Lyonel Feininger, Gaberndorf II, 1924, oil on canvas mounted on board, 39 7/16 x 30 ¾ in. The Nelson-Atkins Museum of Art
Lyonel Feininger had an extensive and varied career as an artist, active not only as a painter and printmaker, but also as an illustrator, cartoonist, miniature figure maker and photographer. Born in America to German and German-American parents, Feininger spent the majority of his life in Germany, and at at various points in his career was associated with both German Expressionist groups Die Brücke and Der Blaue Reiter as well as with the Bauhaus as a painting and graphic arts instructor. Shortly after departing Germany for the United States, Feininger’s work was included in the infamous Nazi “Degenerate Art” exhibition of 1937.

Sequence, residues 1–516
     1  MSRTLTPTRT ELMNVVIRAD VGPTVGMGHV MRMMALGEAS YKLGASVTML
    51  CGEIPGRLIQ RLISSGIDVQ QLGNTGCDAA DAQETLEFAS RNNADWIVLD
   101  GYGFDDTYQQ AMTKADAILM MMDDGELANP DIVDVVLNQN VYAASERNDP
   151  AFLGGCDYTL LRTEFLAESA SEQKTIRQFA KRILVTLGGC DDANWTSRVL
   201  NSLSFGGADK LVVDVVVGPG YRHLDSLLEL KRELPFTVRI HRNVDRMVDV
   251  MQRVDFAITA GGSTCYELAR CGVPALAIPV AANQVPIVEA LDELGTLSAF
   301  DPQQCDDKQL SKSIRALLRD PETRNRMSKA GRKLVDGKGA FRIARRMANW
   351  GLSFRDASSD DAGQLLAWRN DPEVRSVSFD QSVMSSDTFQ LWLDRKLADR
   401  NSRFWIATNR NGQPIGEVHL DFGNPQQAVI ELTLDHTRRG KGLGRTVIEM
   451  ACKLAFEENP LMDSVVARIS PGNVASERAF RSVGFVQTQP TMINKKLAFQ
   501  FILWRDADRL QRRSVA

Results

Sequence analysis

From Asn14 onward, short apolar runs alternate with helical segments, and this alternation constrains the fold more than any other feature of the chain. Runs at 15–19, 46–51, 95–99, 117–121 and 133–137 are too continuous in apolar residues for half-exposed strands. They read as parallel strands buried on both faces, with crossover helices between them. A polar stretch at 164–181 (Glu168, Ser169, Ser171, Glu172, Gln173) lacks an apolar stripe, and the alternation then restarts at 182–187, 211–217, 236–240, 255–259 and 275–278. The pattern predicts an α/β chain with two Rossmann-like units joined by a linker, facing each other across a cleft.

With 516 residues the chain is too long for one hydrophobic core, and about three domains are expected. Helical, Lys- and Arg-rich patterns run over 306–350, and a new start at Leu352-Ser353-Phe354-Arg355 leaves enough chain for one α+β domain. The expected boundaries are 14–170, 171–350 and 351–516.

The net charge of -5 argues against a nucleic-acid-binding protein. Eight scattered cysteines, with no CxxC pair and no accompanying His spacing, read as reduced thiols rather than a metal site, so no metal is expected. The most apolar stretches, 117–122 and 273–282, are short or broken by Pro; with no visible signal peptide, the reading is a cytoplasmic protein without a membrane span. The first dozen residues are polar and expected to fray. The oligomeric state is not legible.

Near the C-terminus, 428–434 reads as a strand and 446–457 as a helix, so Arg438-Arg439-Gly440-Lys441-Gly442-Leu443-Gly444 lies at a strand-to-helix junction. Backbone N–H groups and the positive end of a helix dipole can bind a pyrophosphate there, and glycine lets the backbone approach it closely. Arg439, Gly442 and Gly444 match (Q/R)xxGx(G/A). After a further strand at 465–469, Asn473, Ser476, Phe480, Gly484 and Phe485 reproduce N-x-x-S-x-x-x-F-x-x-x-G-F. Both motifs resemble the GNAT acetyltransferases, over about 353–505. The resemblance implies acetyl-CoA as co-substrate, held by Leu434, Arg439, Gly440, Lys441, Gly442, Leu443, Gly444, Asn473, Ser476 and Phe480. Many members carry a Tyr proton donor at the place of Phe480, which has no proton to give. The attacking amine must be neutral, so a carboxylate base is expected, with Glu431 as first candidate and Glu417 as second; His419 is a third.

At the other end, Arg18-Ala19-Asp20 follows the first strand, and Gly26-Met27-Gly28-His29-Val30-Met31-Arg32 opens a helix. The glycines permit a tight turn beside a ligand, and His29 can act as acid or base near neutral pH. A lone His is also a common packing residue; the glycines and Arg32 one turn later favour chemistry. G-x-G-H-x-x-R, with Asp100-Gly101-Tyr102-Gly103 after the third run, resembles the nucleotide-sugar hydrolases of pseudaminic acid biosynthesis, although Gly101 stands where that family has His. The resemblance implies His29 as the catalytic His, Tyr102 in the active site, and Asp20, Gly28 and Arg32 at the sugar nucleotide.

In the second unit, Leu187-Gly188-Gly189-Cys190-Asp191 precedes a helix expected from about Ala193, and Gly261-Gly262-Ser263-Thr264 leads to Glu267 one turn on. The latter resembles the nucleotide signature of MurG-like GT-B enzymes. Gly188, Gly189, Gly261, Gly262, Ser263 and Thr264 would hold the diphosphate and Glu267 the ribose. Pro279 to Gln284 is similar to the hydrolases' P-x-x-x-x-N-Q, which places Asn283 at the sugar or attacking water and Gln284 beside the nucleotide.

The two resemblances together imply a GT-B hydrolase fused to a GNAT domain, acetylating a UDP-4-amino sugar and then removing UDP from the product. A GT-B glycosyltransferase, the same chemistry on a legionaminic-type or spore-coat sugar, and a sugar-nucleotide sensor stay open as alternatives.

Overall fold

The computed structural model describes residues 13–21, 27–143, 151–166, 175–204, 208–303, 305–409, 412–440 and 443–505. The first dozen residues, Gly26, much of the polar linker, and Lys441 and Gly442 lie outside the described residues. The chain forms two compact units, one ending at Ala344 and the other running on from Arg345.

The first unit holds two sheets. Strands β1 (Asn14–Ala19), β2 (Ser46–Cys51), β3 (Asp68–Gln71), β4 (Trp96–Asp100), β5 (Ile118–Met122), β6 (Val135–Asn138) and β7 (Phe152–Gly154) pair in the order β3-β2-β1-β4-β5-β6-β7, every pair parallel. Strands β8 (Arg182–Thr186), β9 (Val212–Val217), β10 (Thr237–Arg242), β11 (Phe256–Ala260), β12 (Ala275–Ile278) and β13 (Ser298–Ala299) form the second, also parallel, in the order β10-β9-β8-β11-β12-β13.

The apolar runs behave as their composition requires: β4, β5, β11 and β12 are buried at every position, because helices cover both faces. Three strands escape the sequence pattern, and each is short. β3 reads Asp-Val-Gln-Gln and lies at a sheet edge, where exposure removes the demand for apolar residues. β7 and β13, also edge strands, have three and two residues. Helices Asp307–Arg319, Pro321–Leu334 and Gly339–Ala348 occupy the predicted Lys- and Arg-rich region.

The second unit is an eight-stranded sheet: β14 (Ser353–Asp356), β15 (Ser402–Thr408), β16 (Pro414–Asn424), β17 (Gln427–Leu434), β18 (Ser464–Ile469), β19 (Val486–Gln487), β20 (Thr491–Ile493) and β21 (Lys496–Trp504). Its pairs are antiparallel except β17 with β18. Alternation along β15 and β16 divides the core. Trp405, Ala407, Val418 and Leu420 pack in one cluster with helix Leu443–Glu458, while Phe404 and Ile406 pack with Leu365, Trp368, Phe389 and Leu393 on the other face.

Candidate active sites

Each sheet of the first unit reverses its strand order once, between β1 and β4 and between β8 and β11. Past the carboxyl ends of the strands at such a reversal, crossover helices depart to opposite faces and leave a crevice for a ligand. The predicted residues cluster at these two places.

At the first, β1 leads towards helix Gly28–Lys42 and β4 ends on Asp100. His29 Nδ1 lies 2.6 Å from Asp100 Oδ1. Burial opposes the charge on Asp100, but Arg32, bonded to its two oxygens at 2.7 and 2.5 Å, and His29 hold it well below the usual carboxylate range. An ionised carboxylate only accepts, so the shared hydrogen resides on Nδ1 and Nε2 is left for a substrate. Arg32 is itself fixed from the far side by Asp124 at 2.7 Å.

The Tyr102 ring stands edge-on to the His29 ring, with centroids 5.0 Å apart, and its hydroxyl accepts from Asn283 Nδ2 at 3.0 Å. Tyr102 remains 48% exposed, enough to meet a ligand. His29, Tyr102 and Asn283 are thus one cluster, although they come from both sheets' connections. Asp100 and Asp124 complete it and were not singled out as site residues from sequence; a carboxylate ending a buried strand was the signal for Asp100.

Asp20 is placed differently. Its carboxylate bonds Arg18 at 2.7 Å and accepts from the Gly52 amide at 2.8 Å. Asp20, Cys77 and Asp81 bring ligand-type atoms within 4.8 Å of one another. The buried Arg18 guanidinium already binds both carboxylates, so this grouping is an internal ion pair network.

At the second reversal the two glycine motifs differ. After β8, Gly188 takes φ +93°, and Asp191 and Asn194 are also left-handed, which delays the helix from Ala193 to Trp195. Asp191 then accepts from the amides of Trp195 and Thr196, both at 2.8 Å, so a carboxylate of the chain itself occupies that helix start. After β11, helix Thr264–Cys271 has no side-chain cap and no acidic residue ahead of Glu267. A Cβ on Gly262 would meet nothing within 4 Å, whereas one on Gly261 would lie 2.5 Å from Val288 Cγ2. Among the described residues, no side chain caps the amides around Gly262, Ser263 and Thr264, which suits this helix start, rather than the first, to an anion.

Having being exposed to Cubism at the Paris Salon des Indépendants in 1911, Feininger incorporated the style into his work, though he maintained a distinctive aesthetic. At contrast with Picasso and Braque’s form of Cubism which made use of muted grey and ochre hues, Feininger utilized more expressive, bold color tones. Landscapes comprised much of Feininger’s subject matter, though he eventually incorporated architectural forms, as we see here in Gaberndorf II. The central form of a small house stands out against the more ambiguous surrounding landscape comprised of intersecting geometric planes. Here the color scheme is fairly representational - the sky is formed of various shades of blue while the house and ground areas are comprised of brown and rust tones. The ambiguous landscape is heightened by the luminosity present within the prismatic planes. Though for the most part the light source is uncertain and fractured, the plane of light appearing to emanate from within the house gives a hint of familiarity within this mysterious terrain.